In 2019, maxing out your Roth IRA means that you have contributed the maximum of $6,000 (or $7,000 if you are 50 or older) to it. Once you’ve hit that limit, though, there are a number of other retirement plans and tax-deferred savings vehicles for which you still may be eligible in your quest to save for retirement.

Key Takeaways

  • You can explore other defined-contribution plans, such as 401(k), 403(b), and 457 plans.
  • If you are self-employed or have your own small business, look at SIMPLE and SEP IRAs, as well as an independent 401(k).
  • Defined-benefit plans and annuities are also possibilities.
  • And don't forget a Health Savings Account (HSA) if you have a high-deductible health plan.

Look at Other Defined-Contribution Plans

The first option to explore is a 401(k), 403(b), or 457 plan at work. If your employer offers one of these plans, you can contribute up to $19,000 (or $25,000 if you are 50 or older) as of 2019. Many employers offer a contribution match, which is one of the best retirement investment features available. In fact, if that's available, max out your 401(k) matching-money contributions before you put a penny into your Roth IRA.

If you have self-employment income or your own small business, there are alternative retirement plans available to you. A SIMPLE IRA allows you to save up to $13,000 ($16,000 if you are 50 or older) in pretax dollars in 2019, and no tax is owed until you make withdrawals. Depending upon your income, you may be able to set up your own 401(k), also known as a solo or independent 401(k), or a SEP IRA. For 2019 you can then defer up to $56,000 in either of them, up from $55,000 in 2018.

If your employer offers a matching contribution to your defined-contribution plan, make sure to take advantage of it.

Defined-Benefit Plans (If You're Self Employed)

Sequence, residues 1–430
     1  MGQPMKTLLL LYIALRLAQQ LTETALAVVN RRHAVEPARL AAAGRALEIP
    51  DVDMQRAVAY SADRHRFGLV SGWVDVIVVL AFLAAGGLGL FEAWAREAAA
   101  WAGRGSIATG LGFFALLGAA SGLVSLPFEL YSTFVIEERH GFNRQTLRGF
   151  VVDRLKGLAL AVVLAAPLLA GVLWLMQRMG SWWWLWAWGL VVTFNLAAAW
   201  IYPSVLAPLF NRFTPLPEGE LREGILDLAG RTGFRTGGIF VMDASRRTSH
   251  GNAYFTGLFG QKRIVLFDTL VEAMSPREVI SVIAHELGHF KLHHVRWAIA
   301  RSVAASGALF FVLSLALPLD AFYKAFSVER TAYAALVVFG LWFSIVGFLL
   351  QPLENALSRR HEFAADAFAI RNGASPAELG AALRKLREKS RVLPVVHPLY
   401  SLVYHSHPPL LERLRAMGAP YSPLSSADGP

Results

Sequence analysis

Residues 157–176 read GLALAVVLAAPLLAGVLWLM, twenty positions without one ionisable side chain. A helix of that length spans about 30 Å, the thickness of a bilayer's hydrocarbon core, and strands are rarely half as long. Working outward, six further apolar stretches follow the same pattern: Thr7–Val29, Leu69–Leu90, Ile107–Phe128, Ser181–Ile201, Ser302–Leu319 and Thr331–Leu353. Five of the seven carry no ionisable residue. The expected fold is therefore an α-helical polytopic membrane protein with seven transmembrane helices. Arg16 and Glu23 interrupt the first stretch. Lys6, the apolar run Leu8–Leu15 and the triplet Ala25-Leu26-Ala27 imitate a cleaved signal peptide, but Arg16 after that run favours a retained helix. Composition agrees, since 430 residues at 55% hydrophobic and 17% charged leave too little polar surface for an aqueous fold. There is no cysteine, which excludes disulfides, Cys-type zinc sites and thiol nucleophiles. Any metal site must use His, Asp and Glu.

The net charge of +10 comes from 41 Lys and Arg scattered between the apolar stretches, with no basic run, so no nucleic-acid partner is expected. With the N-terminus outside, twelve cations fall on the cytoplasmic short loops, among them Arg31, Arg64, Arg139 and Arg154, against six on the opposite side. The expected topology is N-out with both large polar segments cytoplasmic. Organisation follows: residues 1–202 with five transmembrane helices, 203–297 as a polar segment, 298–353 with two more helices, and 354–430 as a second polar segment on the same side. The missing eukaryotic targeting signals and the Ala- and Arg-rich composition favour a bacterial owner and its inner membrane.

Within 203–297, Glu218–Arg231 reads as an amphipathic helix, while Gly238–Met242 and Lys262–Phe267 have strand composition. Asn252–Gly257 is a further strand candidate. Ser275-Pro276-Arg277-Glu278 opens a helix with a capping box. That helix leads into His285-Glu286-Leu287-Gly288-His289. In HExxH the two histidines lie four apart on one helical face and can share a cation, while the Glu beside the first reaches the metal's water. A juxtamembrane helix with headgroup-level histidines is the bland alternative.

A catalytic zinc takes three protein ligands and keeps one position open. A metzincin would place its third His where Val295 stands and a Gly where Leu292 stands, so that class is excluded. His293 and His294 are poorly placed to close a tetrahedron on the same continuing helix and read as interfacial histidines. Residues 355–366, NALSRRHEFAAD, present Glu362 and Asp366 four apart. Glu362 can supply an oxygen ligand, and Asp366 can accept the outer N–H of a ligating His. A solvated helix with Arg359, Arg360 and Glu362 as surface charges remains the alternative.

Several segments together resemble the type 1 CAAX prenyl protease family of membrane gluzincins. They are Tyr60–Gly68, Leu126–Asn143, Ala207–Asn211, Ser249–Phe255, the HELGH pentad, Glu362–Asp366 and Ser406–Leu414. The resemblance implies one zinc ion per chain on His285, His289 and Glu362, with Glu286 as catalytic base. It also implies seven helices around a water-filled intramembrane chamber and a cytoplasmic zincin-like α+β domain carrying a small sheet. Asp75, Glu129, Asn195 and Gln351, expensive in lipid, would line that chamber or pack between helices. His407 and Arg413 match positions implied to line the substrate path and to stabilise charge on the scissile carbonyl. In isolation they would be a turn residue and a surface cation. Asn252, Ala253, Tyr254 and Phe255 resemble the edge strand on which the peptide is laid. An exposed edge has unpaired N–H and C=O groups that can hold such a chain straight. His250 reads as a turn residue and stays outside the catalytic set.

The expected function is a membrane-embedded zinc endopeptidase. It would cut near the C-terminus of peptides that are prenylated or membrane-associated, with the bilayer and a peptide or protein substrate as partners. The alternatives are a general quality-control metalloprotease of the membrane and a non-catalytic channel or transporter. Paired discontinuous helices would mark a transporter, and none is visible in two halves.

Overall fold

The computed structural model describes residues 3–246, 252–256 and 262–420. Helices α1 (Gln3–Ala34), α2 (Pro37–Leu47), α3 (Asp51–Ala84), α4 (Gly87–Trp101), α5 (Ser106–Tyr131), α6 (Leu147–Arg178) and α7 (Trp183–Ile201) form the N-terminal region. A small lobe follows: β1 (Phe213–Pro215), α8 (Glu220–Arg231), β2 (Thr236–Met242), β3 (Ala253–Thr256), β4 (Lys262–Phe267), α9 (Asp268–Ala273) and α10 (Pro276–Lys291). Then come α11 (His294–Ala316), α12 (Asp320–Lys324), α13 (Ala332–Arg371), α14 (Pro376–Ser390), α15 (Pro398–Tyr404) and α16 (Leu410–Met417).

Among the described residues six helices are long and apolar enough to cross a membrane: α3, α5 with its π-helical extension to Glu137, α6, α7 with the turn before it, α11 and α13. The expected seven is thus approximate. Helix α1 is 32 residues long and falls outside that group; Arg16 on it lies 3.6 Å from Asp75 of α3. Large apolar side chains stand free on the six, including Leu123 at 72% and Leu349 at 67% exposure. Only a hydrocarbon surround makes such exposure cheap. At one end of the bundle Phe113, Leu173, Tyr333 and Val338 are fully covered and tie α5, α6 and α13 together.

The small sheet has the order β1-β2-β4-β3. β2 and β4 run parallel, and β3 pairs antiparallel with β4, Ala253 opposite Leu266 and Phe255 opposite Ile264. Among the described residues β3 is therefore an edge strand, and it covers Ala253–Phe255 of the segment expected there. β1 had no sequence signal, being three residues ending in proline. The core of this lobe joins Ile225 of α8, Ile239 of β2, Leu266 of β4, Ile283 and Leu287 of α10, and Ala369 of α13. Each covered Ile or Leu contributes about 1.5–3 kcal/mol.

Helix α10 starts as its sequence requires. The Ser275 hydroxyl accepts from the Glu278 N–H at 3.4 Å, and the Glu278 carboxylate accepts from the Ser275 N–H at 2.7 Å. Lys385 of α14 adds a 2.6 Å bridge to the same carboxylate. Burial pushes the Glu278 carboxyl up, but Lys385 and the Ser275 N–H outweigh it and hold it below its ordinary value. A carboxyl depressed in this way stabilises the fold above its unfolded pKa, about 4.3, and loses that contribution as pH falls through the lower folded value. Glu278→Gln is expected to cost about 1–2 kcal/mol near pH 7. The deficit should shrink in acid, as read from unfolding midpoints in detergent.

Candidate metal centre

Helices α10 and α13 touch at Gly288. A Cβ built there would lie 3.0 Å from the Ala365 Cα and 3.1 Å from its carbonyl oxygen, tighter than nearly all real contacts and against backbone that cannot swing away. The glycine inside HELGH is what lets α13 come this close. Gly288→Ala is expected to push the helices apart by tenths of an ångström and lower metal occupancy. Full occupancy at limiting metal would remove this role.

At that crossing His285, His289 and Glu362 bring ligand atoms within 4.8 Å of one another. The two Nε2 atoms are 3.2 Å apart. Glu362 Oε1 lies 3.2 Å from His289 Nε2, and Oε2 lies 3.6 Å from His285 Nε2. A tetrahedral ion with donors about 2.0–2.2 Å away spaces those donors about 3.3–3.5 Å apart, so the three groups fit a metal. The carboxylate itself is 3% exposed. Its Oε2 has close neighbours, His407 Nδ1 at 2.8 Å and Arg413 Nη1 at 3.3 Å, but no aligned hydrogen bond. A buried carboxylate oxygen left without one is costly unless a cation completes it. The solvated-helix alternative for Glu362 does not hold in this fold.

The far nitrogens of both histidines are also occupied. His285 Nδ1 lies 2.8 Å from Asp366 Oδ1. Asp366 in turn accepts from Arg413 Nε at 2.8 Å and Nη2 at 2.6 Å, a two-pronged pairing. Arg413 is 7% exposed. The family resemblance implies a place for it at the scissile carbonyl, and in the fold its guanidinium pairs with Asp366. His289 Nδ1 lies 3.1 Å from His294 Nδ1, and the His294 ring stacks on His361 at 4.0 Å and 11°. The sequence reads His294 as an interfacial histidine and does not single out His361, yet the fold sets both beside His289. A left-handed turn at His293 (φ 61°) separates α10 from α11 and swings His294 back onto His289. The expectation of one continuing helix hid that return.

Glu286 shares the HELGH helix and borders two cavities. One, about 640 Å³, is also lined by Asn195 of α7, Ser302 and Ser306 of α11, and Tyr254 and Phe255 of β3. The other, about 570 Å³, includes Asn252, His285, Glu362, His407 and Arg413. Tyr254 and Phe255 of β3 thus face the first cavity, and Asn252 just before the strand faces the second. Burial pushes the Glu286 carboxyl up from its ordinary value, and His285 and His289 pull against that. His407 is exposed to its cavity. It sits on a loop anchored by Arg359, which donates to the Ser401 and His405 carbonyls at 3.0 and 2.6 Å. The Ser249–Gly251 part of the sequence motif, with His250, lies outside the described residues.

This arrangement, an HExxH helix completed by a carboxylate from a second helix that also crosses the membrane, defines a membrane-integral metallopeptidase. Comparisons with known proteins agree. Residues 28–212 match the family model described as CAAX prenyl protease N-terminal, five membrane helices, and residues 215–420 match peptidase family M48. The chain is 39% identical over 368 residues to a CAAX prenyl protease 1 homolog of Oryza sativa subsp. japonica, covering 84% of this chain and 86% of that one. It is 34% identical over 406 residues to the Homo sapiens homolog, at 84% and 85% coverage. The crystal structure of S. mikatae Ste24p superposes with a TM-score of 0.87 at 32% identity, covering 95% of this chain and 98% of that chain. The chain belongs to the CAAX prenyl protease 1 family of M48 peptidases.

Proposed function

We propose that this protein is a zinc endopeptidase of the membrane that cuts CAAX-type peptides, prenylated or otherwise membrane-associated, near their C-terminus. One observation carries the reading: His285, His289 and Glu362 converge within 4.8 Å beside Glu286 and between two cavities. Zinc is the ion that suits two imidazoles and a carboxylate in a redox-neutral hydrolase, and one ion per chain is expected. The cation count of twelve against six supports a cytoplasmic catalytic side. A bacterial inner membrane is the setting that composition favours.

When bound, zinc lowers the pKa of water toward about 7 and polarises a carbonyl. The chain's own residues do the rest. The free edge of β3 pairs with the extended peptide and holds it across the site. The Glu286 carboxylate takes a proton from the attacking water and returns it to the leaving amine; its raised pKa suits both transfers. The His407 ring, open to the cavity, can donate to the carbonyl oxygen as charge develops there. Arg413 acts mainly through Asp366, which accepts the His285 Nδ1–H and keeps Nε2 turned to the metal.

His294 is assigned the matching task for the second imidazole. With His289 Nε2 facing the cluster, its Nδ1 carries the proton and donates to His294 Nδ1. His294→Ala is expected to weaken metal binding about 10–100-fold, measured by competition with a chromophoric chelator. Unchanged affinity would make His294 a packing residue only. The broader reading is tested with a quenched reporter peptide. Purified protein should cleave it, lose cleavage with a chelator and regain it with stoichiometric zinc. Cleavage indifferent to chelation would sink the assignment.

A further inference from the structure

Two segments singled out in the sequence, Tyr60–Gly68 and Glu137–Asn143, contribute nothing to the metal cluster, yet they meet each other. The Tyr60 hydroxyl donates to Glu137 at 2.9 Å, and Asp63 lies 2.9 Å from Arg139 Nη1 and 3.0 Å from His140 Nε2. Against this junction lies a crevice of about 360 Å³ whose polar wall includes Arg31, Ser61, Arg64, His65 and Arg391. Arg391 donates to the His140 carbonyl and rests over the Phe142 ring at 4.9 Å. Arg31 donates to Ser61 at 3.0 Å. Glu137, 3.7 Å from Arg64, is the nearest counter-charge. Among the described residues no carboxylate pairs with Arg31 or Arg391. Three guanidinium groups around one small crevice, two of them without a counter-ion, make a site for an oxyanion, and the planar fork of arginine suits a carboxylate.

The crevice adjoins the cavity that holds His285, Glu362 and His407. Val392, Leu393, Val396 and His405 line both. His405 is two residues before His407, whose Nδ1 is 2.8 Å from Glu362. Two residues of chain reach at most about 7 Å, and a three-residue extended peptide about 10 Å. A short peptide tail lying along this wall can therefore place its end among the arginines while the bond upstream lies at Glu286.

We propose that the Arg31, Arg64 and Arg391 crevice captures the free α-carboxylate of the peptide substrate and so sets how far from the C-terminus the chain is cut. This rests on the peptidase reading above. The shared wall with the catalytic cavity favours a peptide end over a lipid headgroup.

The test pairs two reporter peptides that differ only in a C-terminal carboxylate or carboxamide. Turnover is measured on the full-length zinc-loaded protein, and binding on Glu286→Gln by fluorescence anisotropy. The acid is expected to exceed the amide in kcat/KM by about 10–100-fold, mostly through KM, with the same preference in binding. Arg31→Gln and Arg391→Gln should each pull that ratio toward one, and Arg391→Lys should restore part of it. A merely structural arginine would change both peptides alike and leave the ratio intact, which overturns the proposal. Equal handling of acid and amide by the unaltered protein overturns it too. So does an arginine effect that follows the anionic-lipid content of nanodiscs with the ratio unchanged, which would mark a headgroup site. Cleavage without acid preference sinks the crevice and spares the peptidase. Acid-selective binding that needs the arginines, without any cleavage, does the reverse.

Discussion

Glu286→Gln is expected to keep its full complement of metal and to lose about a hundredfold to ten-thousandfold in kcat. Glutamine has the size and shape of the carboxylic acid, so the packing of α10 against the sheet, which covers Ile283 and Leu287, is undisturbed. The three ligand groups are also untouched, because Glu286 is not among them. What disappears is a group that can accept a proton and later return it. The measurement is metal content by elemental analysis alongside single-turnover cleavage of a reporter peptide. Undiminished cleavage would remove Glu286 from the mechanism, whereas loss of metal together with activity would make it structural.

Beyond defined-contribution plans, depending on their age and income, if you're self-employed, consider setting up a defined-benefit plan. These are complicated retirement plans that require significant paperwork, administration, and fees. Nevertheless, if you earn a large amount of self-employment income and are nearing retirement, you could defer up to $225,000 per year as of 2019.

As you know, a Roth IRA contribution is made with after-tax money, which means that you don’t receive a tax deduction for your contributions. However, you won’t owe any taxes in the future. Other IRAs and defined-benefit plans are tax deferred, meaning you get a tax deduction at the time of making the contribution but will owe taxes when you withdraw your funds.


If you have exhausted all the tax-deferred and tax-exempt retirement accounts for which you qualify, and are in a high tax bracket, you might want to look into annuities, which are insurance products that confer tax benefits. Annuities have a justly deserved bad reputation for high fees and poor investment options.

Still, there is a newer class of annuities, sometimes called “investment-only” annuities, that are lower in cost. These annuities are created for tax-deferral purposes, not for insurance benefits. When you purchase them, be sure to avoid any guarantees, protections, or life insurance riders. Your after-tax contributions will grow tax deferred, and there is no limit on the amount of after-tax money you can contribute. Unlike a Roth IRA, you will owe taxes on the gains at withdrawal, but you won’t owe tax on the principal.

Health Savings Accounts (HSAs)

HSAs are, of course, intended to be used for healthcare costs, with withdrawals only being tax free if they go toward certain approved medical expenses. Still, we all have those, particularly as the years roll by. You contribute after-tax money to an HSA, which grows tax free while in the HSA.

In 2019 you can contribute up to $3,500 to an HSA ($7,000 for a family), with anyone 55 or older being allowed to contribute an extra $1,000. However, you must have a high-deductible health plan in order to have an HSA, and you can’t contribute to one after you enroll in Medicare.

The Bottom Line

You have many options to choose from after you have maxed out your Roth IRA. However, how much you can save may be limited by the amount and type of income you have earned and other accounts to which you have contributed. To be safe, you should check with a tax professional.